How much of your marketing approach is part of a set system, and how much of it is customized to a particular client?

You will be better at what you do if you try to do fewer things.
— Christopher Butler, Newfangled

The basic roadmap/plan we recommend to our clients is pretty consistent. But once that’s understood by them, customization begins. Every business is different, which means that each one will adopt, for example, the structural recommendations I make for their website very differently as they apply their own sensibilities and visual languages to them. That’s when I have to shift back and forth between thinking about marketing and thinking about design. Similarly, every business’s capacity to manage and create content is different, so the kind of team, media profile, editorial calendar, and coaching we’ll put together for them will be quite different. 

Is there some magic in producing 3,000 words of content per month? (vs. more or less). Why does this work so well?

In our industry, there’s a pretty stark value divide between “strategy” and “tactics...
— Christopher Butler, Newfangled

Not really. It’s all just hard work. And that number is likely to grow as search engine algorithms are weighing longer-form content more valuably than pages with fewer words. For years, urging clients to produce 3,000 words per month over a series of articles was controversial—most would panic over how they’ll manage to do that consistently, month over month, year over year. There are ways to help with that, of course— ways to generate indexable words that don’t necessarily start with a text editor, like interviews, podcasts, and the like. But still, Google prefers written content, and prefers very long articles. These days, SEO experts are recommending 3,000+ wordcounts for individual articles!

Do you see an inverse relationship between the search engines’ hunger for ever-longer articles, and the perception that the number of people who actually read all this material is pretty small? In the future, will the only ones reading our long-form articles be the bots?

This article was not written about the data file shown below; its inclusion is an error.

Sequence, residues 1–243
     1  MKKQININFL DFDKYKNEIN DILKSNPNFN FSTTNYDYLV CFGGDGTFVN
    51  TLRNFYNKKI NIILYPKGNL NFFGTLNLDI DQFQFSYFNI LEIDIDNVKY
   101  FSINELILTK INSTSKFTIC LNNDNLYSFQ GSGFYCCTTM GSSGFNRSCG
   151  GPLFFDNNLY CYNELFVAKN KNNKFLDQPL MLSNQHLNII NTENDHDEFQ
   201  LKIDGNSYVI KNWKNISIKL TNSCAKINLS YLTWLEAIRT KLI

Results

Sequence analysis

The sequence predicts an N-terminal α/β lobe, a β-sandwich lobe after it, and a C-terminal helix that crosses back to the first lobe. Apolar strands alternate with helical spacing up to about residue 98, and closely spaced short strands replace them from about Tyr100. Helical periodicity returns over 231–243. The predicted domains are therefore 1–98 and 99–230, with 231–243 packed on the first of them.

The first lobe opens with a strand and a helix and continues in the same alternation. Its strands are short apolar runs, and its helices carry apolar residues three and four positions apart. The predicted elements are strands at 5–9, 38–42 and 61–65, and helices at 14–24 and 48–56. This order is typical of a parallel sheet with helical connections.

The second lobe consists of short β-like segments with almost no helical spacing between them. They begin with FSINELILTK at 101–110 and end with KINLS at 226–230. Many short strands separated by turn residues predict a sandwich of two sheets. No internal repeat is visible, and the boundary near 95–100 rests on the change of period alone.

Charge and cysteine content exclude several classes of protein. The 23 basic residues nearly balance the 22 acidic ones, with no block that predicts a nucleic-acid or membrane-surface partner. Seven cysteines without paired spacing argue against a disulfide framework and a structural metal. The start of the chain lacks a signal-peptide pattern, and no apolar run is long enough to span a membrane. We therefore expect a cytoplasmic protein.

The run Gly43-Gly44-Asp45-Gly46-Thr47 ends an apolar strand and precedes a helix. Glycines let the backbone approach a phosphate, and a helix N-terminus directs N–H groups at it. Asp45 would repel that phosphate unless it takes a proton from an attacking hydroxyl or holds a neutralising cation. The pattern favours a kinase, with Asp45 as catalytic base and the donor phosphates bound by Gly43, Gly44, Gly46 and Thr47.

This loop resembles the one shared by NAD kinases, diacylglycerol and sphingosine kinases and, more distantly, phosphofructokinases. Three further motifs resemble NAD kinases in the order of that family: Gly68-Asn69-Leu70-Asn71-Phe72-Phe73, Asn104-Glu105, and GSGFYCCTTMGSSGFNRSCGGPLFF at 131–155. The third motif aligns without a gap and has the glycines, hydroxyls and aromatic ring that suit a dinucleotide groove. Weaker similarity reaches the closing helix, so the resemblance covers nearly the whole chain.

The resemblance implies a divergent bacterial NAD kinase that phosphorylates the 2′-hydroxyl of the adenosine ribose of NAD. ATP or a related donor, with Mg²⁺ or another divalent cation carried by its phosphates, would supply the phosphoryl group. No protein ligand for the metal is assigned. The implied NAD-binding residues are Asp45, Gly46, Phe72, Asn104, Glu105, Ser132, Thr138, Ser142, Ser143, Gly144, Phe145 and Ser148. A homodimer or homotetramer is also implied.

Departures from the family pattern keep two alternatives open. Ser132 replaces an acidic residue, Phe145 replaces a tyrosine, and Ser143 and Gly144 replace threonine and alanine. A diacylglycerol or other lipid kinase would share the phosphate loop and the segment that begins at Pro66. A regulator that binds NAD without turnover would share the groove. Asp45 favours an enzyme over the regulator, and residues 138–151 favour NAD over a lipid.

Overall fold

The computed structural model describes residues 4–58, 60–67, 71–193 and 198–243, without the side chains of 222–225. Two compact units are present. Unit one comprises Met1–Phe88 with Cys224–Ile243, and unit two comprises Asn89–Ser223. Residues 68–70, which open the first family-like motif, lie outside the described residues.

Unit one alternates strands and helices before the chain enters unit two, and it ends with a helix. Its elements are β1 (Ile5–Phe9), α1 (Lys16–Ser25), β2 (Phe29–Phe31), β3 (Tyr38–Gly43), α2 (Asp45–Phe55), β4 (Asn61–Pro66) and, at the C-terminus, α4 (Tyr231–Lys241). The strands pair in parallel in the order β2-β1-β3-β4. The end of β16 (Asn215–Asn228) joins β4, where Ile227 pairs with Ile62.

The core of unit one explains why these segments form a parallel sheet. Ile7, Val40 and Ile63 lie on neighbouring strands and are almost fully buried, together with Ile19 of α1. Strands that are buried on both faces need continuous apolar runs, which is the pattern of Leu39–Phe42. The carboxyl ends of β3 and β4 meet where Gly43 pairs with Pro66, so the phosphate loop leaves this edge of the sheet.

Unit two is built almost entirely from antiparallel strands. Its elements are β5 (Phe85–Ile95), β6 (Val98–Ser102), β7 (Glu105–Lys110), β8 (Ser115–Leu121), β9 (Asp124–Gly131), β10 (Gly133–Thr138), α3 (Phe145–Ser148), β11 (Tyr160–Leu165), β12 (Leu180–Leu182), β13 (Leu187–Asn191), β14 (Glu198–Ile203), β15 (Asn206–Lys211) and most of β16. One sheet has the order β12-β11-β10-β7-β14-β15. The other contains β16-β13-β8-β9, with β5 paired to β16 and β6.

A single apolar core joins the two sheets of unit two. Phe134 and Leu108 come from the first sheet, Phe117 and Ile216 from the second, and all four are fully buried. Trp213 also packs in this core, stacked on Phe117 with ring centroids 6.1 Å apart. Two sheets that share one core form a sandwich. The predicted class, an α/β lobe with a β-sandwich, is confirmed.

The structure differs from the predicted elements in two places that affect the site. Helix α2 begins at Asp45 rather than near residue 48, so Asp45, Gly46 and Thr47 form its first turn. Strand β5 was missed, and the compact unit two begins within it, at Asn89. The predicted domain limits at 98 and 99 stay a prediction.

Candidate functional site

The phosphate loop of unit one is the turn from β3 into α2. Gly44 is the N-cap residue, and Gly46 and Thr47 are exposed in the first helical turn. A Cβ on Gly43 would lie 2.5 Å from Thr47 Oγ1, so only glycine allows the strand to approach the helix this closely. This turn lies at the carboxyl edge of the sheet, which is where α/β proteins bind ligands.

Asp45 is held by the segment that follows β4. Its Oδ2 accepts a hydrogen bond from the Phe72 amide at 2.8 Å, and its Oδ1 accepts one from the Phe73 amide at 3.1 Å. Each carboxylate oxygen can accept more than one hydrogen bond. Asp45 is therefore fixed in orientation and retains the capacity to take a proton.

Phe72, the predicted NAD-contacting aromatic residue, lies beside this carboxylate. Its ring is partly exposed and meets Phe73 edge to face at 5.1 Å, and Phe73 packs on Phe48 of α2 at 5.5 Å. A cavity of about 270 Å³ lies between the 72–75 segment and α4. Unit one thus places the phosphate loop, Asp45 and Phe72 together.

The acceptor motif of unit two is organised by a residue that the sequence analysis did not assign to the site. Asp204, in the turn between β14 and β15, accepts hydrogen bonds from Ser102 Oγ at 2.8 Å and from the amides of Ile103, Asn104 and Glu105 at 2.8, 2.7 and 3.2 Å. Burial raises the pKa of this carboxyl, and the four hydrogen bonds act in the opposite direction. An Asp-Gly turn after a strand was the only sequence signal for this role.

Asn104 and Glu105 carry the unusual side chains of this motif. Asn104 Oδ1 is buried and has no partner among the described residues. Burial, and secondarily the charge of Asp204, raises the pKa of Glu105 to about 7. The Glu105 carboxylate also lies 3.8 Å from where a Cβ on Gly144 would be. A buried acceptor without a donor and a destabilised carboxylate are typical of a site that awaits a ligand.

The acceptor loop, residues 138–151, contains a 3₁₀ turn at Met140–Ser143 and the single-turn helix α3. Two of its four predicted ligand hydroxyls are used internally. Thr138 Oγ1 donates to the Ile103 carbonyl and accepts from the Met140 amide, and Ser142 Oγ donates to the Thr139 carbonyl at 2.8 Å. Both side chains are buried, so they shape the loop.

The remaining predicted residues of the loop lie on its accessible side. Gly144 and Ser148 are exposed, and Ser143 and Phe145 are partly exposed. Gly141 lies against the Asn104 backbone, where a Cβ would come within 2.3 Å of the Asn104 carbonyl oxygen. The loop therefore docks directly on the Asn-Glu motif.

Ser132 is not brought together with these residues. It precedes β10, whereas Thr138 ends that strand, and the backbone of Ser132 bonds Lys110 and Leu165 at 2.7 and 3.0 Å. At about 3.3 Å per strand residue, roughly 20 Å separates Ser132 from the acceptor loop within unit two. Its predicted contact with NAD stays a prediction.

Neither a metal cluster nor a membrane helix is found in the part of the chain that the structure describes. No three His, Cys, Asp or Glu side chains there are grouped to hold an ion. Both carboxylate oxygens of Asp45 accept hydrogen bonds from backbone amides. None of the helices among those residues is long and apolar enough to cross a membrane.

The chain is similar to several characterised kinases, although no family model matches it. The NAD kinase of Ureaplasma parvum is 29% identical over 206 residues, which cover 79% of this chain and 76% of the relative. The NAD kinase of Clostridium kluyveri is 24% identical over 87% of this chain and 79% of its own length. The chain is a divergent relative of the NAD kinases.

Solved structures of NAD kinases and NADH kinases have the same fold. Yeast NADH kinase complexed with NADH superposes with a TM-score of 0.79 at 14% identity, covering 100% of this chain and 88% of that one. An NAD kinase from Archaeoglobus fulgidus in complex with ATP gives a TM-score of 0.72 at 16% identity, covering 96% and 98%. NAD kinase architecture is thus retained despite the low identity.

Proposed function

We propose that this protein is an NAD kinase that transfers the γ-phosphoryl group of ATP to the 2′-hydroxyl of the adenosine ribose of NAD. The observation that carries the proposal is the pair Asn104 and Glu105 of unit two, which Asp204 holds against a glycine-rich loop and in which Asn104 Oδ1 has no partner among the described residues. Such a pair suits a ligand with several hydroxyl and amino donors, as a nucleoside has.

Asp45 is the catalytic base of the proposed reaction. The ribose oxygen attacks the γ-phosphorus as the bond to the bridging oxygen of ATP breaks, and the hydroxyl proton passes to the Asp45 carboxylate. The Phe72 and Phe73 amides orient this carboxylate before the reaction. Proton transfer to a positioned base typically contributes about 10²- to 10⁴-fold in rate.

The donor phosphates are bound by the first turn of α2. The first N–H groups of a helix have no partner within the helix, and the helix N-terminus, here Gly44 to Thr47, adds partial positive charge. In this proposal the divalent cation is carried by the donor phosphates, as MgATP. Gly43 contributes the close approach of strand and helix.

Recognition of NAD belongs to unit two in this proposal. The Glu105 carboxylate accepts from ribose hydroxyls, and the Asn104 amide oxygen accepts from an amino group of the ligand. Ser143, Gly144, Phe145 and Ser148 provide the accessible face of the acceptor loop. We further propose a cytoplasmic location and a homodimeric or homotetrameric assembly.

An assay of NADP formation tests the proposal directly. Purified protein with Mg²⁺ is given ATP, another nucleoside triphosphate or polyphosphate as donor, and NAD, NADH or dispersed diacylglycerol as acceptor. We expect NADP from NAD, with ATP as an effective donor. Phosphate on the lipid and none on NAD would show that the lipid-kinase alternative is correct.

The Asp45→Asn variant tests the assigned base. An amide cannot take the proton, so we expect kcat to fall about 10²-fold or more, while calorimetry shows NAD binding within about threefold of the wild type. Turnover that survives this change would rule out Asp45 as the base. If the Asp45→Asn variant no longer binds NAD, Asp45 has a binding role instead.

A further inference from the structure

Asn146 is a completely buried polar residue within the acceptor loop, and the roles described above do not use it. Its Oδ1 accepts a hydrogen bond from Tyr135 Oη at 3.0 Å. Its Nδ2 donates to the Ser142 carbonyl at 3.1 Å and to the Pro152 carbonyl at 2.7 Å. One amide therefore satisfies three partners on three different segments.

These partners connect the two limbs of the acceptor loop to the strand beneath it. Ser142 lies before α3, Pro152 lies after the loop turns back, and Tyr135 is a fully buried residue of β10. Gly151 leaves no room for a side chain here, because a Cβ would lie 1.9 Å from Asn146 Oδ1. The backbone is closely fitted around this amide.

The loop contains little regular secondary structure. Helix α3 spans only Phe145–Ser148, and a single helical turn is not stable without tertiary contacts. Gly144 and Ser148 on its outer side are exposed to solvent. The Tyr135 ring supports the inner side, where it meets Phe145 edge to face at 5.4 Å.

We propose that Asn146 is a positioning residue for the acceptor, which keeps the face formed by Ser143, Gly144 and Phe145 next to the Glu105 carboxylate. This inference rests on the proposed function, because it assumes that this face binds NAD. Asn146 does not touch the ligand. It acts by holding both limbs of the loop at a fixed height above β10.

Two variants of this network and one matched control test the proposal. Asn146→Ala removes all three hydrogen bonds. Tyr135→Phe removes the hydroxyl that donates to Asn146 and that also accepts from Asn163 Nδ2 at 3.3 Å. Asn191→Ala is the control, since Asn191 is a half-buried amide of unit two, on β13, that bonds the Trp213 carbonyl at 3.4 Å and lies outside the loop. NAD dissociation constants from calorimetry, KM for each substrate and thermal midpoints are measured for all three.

I’m actually not sure yet. I think that both observations are true, but I’m not yet convinced that they're in direct opposition. I do think that people want information and have an expectation for how easily accessible and digestible it will be, but I have also observed that they want accuracy and, ideally, to not have to assemble their understanding on a given question/subject through multiple sources, but would prefer one “to rule them all.” With that in mind, Google’s preference for content depth may be aligned with reader/visitor preferences as well. That being said, I think I’m going to need a bit more time to observe how these relatively new recommendations for content length play out.

Do you weigh in on the quality of thought leadership content produced by a client? What happens if it doesn't meet standards for projecting expertise and engaging new viewers?


Yes, all the time. They’ve hired us for our point of view, the rigor and accountability of our systems, and the humanity of our coaching. And so that includes honesty. Just recently, I personally gave a client’s case study a pretty severe critique and I didn't mince words. I did this because I knew them well enough to know they value direct and honest feedback, as well as because I knew they are capable of better. They thanked me for being willing to give them some “tough love.” For our team, not meeting the standards—which, I should say, are set by us and our clients—is not acceptable. Especially with our content team, pushing clients toward excellence and the most true representation of who they are is what their coaching is all about.